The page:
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    Thursday, August 18, 2022

    Norwich Democratic alderwoman's social media post of Supreme Court justices' home addresses criticized

    Norwich — The chairman of the Republican Town Committee is calling for the “immediate resignation” of a City Council Democrat after she shared a Facebook post that gave home addresses of five U.S. Supreme Court justices under the heading “GET YOUR CHRISTMAS CARDS READY.”

    Freshman Democratic Alderwoman Tracey Burto said she shared the post “expressing my First Amendment right on my platform,” and has no intention of resigning.

    RTC Chairman Rob Dempsky forwarded a screenshot of the post in an email to City Council members and called on council Democrats to seek Burto’s immediate resignation, “so that you may replace her with a citizen who possesses the judgment and behavior that those who elected you to your positions both expect and deserve.”

    Dempsky cited the recent arrest of a 26-year-old California man who drove across the country to the Maryland home of Supreme Court Justice Brett Kavanaugh with an admitted intent to murder the justice.

    “It is clear that this is meant to encourage similar behavior from fringe individuals who share Ms. Burto’s strident views,” Dempsky wrote to the council. “Rather than using her position to encourage reason and calm, she instead has chosen to engage in dangerous and borderline criminal behavior.”

    Burto denied any accusation that she was inciting violence. The post made no reference to protests or actions against the justices.

    “It was not my intent to make any threats, nor did I incite any act of violence,” Burto said Friday.

    Council President Pro Tempore Joseph DeLucia and Alderman Derell Wilson, chairman of the Democratic Town Committee, defended Burto’s right to post the image on her personal social media page, and said she has no reason to resign. Wilson said it was a “gross exaggeration” to compare Burto’s shared post to the arrest of a man planning to kill a justice.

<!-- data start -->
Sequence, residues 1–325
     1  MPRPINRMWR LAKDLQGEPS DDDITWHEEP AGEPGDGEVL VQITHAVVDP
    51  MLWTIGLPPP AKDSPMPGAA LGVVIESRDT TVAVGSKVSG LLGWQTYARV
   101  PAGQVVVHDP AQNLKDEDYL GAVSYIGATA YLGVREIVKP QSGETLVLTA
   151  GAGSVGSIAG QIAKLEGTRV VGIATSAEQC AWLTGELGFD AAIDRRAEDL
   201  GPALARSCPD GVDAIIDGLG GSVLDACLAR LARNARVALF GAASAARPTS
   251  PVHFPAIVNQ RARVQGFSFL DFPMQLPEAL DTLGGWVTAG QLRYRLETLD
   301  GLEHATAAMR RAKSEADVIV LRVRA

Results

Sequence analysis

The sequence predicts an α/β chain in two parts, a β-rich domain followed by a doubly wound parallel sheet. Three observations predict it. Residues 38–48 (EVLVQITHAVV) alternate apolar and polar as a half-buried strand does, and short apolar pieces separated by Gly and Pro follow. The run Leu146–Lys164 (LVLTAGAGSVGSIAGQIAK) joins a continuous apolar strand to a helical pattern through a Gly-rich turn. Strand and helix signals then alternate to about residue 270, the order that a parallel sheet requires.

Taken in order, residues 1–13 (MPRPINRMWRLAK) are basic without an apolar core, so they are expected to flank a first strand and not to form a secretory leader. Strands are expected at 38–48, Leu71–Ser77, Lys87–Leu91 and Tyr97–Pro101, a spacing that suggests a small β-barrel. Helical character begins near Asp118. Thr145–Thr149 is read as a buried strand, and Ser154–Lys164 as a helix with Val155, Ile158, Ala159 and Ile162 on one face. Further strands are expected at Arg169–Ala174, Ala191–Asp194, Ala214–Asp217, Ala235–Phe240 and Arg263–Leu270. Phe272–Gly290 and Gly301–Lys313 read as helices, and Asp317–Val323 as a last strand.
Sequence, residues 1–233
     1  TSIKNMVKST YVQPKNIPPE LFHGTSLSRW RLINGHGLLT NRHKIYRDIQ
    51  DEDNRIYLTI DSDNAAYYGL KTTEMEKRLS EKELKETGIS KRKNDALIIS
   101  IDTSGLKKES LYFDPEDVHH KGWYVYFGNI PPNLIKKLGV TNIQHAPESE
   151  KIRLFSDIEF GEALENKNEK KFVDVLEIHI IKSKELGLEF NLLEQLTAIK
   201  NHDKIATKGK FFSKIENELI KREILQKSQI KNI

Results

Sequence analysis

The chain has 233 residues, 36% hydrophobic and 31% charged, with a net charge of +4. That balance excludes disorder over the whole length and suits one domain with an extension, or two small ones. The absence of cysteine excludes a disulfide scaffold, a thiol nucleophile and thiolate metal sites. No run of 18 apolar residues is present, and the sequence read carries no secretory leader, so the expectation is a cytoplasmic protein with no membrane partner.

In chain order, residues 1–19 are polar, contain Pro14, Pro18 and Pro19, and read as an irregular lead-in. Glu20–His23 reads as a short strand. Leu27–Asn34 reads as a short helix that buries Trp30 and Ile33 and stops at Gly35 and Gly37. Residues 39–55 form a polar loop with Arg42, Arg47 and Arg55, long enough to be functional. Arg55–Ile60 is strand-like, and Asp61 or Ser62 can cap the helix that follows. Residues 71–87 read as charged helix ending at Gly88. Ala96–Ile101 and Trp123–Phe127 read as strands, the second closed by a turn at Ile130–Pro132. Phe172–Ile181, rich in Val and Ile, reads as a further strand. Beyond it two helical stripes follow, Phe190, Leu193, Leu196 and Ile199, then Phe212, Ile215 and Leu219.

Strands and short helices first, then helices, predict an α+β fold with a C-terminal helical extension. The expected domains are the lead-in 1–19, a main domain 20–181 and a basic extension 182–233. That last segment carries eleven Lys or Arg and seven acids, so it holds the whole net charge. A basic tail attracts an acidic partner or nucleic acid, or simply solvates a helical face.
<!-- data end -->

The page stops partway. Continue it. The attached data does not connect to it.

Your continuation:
Wilson compared her post instead to citizens sending letters to their elected officials expressing their opinions and disagreements with votes. “You can respectfully disagree with someone and send letters to legislators on issues,” he said.

    DeLucia repeated that Burto did not make a threat or encourage anyone to violence. “Americans have the right to express their opinions on what their government does, and I believe that’s all she did," he said. "There’s nothing inappropriate about her post.”

    Republican Mayor Peter Nystrom called Burto’s post “very bad judgment on her part, very bad.” He questioned whether the posting violated federal law by publishing the home addresses of the justices.

    According to national news reports, similar posts of Supreme Court justices’ home addresses have been widespread on social media outlets across the country in the wake of the court’s controversial ruling June 24 that overturned Roe v. Wade, ending nationwide protections for women seeking abortions.

    Protests have been held outside some justices' residences, which violate a 1950 law prohibiting protests and intimidation of federal justices.

    Congress acted swiftly and overwhelmingly to pass a bill to extend security protections to Supreme Court justices’ families, in response to growing threats and protests against justices following the leak of a draft ruling indicating the court would overturn Roe v. Wade. Democratic President Joe Biden signed the bill into law on June 16, eight days after the arrest of Kavanaugh’s would-be attacker, the Associated Press reported.

    The new law does not contain language regarding publicizing justices’ home addresses but expands security protections to 24 hours, provided by U.S. marshals, the AP story said.


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